At a certain point, overly onerous training requirements would certainly be unconstitutional. Personally, I don't care much either way. I don't think I'm particularly more likely to get shot because some morons don't bother to learn how to use their firearms. Their kids on the other hand... But I know everyone in this thread takes gun ownership seriously. It's just some things are actually a threat to freedom, while others are really not that big of a deal.

I definitely think a safety training requirement is a good idea. And it's my understanding that several states already do require safety training or an exam for gun purchase.
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JLee

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Re: Firearms in the home
« Reply #2048 on: January 12, 2017, 07:57:05 PM »
Because groups will use a safety training requirement as a backdoor ban. Want a gun in CA or IL or NYC?  That will be 40 hours of safety training provided by a state instructor who teaches 10 people per class, 1 class a year, for $1500 a person. What, you're against safety???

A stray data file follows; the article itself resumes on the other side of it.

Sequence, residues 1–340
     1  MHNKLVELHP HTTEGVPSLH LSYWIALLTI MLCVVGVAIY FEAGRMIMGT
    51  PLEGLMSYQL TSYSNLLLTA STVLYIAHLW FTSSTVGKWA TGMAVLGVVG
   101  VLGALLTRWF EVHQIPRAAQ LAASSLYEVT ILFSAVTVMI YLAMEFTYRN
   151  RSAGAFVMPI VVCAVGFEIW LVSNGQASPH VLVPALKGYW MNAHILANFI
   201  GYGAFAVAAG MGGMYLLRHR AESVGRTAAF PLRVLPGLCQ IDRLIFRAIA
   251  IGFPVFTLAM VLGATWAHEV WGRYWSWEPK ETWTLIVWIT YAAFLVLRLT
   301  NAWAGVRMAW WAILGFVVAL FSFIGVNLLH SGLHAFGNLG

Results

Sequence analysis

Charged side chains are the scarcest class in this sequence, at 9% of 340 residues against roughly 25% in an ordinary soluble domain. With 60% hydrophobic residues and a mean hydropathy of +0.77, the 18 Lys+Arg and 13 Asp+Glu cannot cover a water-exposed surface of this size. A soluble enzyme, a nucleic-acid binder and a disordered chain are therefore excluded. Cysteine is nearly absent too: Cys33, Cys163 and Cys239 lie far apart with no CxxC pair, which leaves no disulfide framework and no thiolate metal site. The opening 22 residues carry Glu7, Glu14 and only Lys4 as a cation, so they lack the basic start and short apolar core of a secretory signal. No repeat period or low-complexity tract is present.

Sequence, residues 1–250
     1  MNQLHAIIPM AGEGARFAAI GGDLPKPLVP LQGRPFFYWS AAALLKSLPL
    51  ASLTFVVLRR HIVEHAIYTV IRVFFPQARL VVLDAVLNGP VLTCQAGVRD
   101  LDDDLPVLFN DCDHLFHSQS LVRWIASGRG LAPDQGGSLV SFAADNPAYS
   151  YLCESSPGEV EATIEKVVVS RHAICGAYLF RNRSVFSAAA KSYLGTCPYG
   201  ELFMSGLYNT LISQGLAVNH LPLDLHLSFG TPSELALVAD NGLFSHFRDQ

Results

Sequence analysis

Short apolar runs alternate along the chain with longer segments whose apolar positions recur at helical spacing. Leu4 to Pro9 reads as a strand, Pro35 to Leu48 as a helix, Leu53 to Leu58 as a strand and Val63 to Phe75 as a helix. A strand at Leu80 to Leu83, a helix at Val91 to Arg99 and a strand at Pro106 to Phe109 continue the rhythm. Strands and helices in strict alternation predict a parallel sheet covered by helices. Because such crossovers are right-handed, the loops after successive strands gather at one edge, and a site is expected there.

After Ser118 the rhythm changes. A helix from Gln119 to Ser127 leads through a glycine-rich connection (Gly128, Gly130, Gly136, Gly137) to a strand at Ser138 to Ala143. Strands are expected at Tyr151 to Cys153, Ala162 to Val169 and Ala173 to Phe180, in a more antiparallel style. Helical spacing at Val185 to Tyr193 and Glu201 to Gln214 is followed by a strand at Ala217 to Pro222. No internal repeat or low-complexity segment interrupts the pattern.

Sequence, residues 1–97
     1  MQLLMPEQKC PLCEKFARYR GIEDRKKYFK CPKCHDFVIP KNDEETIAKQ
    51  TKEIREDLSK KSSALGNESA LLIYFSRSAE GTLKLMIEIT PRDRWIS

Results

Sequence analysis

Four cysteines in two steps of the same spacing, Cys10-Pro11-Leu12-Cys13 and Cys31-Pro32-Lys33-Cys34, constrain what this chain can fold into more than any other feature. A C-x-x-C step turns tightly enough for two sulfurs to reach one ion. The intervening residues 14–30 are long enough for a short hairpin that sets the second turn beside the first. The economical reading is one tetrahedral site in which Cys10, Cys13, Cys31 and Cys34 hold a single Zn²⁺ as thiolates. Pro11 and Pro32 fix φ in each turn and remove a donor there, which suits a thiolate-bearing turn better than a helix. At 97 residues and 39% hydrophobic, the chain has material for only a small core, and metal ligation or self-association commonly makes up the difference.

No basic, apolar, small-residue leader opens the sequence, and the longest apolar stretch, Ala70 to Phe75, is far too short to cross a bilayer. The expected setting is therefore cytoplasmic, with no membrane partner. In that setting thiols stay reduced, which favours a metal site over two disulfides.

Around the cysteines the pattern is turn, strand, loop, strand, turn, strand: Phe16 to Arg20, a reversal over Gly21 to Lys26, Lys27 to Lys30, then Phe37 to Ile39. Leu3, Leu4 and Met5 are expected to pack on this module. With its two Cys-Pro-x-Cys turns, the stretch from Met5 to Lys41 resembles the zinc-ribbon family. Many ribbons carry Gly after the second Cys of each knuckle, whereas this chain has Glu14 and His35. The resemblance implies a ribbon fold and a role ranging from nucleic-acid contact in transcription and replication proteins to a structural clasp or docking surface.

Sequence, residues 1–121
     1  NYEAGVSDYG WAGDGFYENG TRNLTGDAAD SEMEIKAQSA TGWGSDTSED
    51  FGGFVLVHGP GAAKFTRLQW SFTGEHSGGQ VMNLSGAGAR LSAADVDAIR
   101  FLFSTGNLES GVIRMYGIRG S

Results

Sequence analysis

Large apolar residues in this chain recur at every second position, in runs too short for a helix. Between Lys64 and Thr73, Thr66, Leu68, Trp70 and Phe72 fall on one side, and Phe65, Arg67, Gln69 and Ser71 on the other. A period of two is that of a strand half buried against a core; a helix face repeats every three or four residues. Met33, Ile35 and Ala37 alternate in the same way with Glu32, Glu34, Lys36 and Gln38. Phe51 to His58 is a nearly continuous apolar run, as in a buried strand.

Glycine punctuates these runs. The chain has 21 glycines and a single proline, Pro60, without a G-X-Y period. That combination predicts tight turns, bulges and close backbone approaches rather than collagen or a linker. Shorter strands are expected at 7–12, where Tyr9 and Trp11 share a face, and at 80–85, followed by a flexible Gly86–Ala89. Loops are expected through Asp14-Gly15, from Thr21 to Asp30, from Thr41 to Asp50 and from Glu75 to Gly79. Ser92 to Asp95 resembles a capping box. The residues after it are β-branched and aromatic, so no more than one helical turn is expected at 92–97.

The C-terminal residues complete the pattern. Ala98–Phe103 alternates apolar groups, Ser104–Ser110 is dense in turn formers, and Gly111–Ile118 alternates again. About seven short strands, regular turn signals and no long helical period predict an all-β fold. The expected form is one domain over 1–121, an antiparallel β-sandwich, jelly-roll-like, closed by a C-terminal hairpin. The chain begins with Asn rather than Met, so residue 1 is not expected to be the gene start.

At a certain point, overly onerous training requirements would certainly be unconstitutional. Personally, I don't care much either way. I don't think I'm particularly more likely to get shot because some morons don't bother to learn how to use their firearms. Their kids on the other hand... But I know everyone in this thread takes gun ownership seriously. It's just some things are actually a threat to freedom, while others are really not that big of a deal.

I definitely think a safety training requirement is a good idea. And it's my understanding that several states already do require safety training or an exam for gun purchase.

Which states?

spartana

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Re: Firearms in the home
« Reply #2049 on: January 12, 2017, 08:00:48 PM »
I believe Cali does to purchase a handgun if you don't have military or LE firearms training. Its a safety class.
https://oag.ca.gov/firearms/fscfaqs#a2

The fee is $25
« Last Edit: January 12, 2017, 08:07:30 PM by spartana »